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My Ratsun Datsun 521, now with L-20-B and a five speed


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About a week ago, I put a mechanical oil pressure gauge in Ratsun.  This is how I hooked it up. 

Datsun L-engines have a British Pipe thread in the block.  You need an adapter to convert the British pipe to NPT (USA thread), the adapter is made by Edelmann, number 265220.  Screwed into the adapter is a 1/8 pipe close nipple, and screwed to that is 1/8 pipe "T".   In my case, I used a -4 AN hose to go to the oil pressure gauge, there is a black adapter to go from -4AN to 1/8 pipe.  I had not installed an oil pressure switch in this picture. because the Datsun oil pressure switch threads do not match the 1/8 pipe "T"



This is a GM oil, pressure switch, still in it's box.



This is the switch, It took me a while to get this switch, I ordered it from Amazon.   Most oil pressure switches I found had 1/4 spade electrical connection.  Datsun used a bullet electrical connection.



I just happened to have this oil pressure switch socket, and I used it to tighten the switch in to the pipe  "T".



The switch installed, and the wire hooked up.



Then I turned the key on, and checked the oil light now works.   The camera flash is lighting everything up.



I started the engine, and the light went off.



This is how I routed the hose for the oil pressure gauge.  I do need to get a steering column boot on the firewall.



In the engine bay, the hose goes behind the engine block, just above the transmission, then forward to the adapters, and pipe "T". 



I need to finish the gauge hook up, the light for the oil pressure gauge is not connected, and I need to tighten the hose at the gauge, you can see a drop of oil in the picture above this one.

Edited by DanielC
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You'll notice weird things with a 'real' gauge. Factory ones are weighted just like a gas gauge and don't show the sudden swings. When I was a kid I put a mechanical one on my '64 and was alarmed when braking suddenly the gauge would drop to zero. If it was down a qt. it would sometimes do this on a hard turn.

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Nothing weird about oil pressure changing.  It changes with RPM, and oil temperature.  The oil pressure should fairly closely track with RPM, especially at lower RPM.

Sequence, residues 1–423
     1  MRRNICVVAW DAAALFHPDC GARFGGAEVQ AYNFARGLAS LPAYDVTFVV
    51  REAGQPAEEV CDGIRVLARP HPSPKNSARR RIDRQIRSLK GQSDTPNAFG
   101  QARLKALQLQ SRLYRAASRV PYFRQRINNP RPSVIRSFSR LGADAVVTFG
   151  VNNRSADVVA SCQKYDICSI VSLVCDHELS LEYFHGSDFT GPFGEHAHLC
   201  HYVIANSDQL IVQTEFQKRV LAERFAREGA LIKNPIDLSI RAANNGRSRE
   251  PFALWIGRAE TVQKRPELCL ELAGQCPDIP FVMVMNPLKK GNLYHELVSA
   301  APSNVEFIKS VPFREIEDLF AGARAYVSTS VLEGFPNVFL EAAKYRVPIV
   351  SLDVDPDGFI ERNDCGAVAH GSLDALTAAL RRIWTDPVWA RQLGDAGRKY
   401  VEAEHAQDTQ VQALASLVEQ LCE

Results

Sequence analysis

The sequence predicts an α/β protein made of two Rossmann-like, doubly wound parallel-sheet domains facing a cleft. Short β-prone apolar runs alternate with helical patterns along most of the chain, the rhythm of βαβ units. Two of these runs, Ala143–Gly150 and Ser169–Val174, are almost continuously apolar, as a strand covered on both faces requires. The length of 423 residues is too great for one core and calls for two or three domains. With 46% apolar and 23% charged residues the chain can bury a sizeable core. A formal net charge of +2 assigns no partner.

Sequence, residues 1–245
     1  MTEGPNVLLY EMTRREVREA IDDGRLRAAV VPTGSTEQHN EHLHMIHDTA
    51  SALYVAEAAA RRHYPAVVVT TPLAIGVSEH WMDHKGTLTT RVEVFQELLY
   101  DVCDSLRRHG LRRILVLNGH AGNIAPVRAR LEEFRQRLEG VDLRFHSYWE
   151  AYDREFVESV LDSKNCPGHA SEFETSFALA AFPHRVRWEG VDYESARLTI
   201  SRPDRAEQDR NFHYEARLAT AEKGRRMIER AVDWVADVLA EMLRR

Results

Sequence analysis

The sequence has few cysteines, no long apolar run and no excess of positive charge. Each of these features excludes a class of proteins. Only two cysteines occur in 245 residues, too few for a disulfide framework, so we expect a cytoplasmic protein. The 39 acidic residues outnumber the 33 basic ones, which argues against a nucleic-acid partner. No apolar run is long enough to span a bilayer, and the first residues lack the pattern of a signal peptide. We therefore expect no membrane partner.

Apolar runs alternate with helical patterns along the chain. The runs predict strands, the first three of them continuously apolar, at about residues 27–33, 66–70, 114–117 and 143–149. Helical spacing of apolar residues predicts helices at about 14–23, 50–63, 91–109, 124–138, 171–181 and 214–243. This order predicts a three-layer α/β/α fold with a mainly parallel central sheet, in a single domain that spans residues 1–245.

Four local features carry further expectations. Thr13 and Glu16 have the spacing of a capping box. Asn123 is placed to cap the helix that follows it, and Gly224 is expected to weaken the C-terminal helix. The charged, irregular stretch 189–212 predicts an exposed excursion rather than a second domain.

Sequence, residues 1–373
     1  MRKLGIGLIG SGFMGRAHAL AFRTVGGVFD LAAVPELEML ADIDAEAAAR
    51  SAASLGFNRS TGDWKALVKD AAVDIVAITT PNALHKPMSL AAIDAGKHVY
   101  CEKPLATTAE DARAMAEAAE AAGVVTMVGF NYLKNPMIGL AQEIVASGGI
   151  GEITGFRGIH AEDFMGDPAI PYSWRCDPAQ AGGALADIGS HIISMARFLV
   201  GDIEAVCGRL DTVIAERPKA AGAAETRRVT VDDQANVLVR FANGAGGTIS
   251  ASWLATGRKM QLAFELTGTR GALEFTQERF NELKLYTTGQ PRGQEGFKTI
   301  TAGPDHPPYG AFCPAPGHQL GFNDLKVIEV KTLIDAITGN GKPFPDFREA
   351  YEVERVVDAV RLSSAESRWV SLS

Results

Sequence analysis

Having said that, the oil pressure on this engine (1980 L-20-B, from a 720) does seem a little low. 

Are the oil pumps in a Z20, Z22, or other engine, higher volume and bolt directly on a L-20?


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45 minutes ago, DanielC said:

Nothing weird about oil pressure changing.  It changes with RPM, and oil temperature.  The oil pressure should fairly closely track with RPM, especially at lower RPM.

Having said that, the oil pressure on this engine (1980 L-20-B, from a 720) does seem a little low. 

Are the oil pumps in a Z20, Z22, or other engine, higher volume and bolt directly on a L-20?


Yes, the sell a nice new Hitachi one....

I believe OUP0023..... about $65

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40 minutes ago, Crashtd420 said:

Yes, the sell a nice new Hitachi one....

I believe OUP0023..... about $65


Just got that one from rockauto, HITACHI OUP0023 62.16 shipped.  

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8 hours ago, DanielC said:

Nothing weird about oil pressure changing.  It changes with RPM, and oil temperature.  The oil pressure should fairly closely track with RPM, especially at lower RPM.

Having said that, the oil pressure on this engine (1980 L-20-B, from a 720) does seem a little low. 

Are the oil pumps in a Z20, Z22, or other engine, higher volume and bolt directly on a L-20?



Daniel I meant that compared to the electric gauges like in the cars or 720. They are slow to respond so the owner doesn't freak out. YES indeed the mechanical gauge is fast and it drops down at idle fast also. unnerving to see your oil pressure drop from 60 to 15.


The oil pump from any D21 Hardbody KA engine is a high volume pump. I just grab them off trucks in the wrecking yard. At idle and low RPMs the oil pressure is determined by how fast the pump can replace the oil that bleeds out past the bearings and oil jets. If you replace the pump with one with more volume the pressure will go up. For example my old truck L20B would hot idle at 17 PSI. With no other change but a KA oil pump it went to 28 PSI. The maximum pressure is set by a relief valve so that will be between 50 and 60 PSI no matter what pump you use.


15010-40F00 for the KA24E in the Hardbody

15010-3S500 for the KA24DE


Be sure you know what to look for in a high volume pump. You can't tell from the outside when on a vehicle and you never know what was repackaged and thrown in a box at NAPA or w/e.


Look down into the large hole. Down in there is the top of the rotor.




With the high volume pump the rotor is plainly visible sticking up